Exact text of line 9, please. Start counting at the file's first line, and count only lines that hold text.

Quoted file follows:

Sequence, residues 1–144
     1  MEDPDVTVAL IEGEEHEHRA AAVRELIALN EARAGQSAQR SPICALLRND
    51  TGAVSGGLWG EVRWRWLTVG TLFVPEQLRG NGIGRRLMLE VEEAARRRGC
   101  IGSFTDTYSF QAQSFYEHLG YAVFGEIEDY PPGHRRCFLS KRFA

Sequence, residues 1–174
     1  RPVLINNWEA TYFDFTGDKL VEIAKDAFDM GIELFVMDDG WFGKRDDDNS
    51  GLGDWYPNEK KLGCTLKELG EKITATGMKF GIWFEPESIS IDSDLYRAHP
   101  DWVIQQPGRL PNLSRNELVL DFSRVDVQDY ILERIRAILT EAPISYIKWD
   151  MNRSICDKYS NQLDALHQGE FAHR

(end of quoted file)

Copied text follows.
   151  MNRSICDKYS NQLDALHQGE FAHR